- The Washington Times - Wednesday, October 1, 2003

ASSOCIATED PRESS

U.S. officials believe they have identified a young former bodyguard of Osama bin Laden as al Qaeda’s new chief of terror operations in the Persian Gulf.

Abu Hazim al-Sha’ir, a 29-year-old Yemeni now believed to be living in Saudi Arabia, is one of a new crop of al Qaeda operatives who are trying fill the roles of senior bin Laden lieutenants who have been captured or killed since September 11, according to officials from U.S. counterterrorism agencies who discussed the intelligence on the condition of anonymity.

“Capable replacements appear to be emerging, many of whom have demonstrated their ability to see previously planned operations through to fruition,” according to one U.S. intelligence report.

Meanwhile, the CIA said yesterday that an audio recording that aired Sunday on Arab TV, attributed to al Qaeda’s No. 2 man, is probably authentic.

In the message, the voice of Ayman al-Zawahri, bin Laden’s top surviving deputy and thought to be in the remote border region between Afghanistan and Pakistan, accuses the United States and Israel of trying to abolish Islam and urges Muslims to “resist this Jewish crusade.”.

The audio message referred to recent events, including a visit by Prime Minister Ariel Sharon to India in early September and the Sept. 6 resignation of Palestinian Prime Minister Mahmoud Abbas.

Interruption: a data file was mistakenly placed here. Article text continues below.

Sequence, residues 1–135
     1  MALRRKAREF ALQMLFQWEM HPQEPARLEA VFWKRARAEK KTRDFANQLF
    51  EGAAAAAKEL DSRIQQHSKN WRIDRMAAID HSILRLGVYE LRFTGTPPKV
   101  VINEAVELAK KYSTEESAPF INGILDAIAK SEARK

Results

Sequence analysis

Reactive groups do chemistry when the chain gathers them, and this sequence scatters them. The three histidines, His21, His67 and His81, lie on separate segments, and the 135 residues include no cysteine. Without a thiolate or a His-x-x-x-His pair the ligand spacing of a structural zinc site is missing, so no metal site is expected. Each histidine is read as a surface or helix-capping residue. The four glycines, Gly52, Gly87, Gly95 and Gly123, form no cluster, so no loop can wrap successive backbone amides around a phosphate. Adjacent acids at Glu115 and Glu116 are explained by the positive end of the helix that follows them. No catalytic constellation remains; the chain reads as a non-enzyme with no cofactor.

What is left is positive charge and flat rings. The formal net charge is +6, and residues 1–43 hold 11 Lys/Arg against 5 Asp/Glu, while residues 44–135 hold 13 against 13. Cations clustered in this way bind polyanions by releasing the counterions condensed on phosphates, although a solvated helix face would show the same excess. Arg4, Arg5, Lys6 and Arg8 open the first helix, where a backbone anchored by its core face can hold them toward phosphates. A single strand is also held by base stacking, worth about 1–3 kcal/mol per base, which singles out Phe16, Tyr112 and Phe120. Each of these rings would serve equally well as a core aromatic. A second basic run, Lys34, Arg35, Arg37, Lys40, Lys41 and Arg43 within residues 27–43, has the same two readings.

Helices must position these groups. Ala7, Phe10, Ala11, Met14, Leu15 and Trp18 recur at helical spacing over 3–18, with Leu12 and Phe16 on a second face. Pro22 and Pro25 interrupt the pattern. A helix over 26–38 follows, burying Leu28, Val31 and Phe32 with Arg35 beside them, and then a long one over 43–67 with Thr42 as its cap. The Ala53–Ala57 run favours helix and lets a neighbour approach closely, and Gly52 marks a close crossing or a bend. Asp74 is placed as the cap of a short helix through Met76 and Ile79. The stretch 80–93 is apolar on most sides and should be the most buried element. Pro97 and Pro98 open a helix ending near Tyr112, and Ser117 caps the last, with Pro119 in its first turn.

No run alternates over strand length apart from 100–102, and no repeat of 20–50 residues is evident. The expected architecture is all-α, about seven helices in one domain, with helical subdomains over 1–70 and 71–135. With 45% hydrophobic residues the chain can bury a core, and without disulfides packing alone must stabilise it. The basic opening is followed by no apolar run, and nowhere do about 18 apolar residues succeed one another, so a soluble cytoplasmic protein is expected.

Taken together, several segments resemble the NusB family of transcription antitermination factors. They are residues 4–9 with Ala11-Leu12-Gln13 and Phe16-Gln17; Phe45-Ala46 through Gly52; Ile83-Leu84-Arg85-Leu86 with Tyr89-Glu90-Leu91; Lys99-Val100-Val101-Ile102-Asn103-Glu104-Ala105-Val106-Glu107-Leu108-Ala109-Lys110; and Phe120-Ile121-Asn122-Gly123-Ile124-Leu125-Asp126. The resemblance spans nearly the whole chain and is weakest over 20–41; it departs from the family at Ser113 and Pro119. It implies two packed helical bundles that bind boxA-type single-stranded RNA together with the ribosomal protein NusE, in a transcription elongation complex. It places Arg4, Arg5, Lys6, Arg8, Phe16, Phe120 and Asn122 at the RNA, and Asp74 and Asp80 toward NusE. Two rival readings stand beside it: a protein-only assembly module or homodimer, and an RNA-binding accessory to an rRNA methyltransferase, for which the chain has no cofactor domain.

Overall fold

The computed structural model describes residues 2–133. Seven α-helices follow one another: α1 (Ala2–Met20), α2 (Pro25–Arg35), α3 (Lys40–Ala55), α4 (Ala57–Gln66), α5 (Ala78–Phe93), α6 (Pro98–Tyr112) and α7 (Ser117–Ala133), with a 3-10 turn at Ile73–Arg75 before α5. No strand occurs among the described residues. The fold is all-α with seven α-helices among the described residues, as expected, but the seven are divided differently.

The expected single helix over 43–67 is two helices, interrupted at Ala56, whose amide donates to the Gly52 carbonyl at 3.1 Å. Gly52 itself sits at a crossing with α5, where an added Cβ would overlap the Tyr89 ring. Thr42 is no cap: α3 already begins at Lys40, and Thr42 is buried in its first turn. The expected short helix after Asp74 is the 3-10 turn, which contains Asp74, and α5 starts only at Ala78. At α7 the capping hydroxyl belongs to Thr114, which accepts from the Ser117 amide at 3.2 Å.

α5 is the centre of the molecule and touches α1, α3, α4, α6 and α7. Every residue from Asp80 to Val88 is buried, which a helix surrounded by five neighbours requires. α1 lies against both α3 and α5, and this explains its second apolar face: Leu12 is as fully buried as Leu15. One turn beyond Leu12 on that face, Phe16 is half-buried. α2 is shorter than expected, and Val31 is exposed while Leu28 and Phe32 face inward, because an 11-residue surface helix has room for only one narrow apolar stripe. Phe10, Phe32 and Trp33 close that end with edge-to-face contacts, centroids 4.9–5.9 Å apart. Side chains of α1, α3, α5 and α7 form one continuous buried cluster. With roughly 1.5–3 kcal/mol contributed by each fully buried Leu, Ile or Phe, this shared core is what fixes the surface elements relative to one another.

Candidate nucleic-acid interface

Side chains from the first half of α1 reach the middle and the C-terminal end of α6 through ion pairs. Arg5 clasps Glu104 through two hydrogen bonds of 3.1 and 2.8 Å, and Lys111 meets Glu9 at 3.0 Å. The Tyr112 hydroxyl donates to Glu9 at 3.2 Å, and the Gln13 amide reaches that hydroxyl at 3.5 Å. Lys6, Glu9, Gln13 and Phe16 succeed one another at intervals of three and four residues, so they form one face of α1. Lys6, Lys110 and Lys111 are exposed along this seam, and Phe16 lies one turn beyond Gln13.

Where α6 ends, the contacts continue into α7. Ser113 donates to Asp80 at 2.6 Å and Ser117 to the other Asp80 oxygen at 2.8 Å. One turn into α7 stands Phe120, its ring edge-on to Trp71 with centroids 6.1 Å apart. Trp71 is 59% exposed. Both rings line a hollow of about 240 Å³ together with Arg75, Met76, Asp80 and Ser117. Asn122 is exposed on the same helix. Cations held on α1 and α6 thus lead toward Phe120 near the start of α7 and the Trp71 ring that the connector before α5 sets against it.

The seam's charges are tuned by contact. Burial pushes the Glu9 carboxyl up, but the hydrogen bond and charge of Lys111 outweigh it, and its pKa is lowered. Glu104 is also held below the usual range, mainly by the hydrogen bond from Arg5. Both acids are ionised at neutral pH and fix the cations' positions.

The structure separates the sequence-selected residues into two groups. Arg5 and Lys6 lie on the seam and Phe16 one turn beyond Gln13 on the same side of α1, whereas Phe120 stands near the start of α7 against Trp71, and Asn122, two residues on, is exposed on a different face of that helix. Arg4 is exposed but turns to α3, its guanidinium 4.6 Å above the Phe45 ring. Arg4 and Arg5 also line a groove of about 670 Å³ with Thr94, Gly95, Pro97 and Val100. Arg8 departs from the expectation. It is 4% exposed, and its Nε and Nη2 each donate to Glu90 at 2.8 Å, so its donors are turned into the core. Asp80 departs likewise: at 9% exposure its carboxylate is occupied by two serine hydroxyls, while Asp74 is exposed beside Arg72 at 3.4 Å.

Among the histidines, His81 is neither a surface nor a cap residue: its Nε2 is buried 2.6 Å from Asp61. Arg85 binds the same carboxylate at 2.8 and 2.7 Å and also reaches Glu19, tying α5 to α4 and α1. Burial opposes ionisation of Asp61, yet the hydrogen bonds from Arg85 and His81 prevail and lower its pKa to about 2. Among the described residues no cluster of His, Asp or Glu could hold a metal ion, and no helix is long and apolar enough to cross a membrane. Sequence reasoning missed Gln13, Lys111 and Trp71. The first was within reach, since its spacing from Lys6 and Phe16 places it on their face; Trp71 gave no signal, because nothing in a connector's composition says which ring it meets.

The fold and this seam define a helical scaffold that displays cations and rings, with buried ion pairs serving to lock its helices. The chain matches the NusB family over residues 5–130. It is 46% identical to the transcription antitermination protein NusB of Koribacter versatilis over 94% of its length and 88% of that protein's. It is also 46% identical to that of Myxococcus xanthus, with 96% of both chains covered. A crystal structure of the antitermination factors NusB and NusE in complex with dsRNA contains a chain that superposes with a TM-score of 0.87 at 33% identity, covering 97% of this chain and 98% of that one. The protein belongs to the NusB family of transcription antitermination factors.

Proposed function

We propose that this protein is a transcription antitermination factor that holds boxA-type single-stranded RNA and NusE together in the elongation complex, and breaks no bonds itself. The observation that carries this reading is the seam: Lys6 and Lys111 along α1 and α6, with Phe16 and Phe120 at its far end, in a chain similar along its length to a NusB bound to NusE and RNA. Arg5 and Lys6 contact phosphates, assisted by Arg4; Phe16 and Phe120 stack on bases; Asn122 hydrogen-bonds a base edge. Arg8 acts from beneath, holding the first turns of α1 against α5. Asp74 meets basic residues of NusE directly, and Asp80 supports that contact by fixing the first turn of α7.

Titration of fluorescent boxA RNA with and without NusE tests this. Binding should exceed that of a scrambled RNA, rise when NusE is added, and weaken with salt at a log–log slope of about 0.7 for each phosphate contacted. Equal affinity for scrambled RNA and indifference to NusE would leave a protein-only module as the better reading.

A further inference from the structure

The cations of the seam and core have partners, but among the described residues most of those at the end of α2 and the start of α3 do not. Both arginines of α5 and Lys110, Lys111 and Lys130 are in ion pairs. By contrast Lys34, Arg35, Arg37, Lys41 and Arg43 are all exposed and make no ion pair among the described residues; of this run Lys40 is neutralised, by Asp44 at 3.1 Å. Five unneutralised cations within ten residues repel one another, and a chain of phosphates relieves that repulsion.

“I thus call for [holy war] against this campaign that seeks to end Islam as a doctrine and law and turn us into a herd that follows the lords of Washington, Tel Aviv and London,” the speaker said.

Abu Hazim, the new Persian Gulf operative, appears to be taking the place of Abd al-Rahim al-Nashiri, a key organizer of the USS Cole bombing and the 1998 East Africa embassy bombings, officials say. Al-Nashiri was detained in the United Arab Emirates in late 2002.

The international hunt for such senior leaders is a key component of the U.S.-led war against al Qaeda. For all the thousands of people who trained at bin Laden’s camps, only such senior leaders are thought to have the connections, financing and savvy to pull off major terrorist attacks.

“The loss of so many senior operational coordinators represents the elimination of a decade worth of terrorism planning experience. These individuals were, in large part, the guiding force behind the success of al Qaeda’s attacks,” the U.S. intelligence report says.

Abu Hazim is on Saudi Arabia’s list of 19 most-wanted al Qaeda operatives. He is believed to have trained in al Qaeda’s Afghanistan camps in 1999 and later to have served in bin Laden’s bodyguard. U.S. counterterror officials also tie him to the May 12 bombings of residential complexes in Riyadh.

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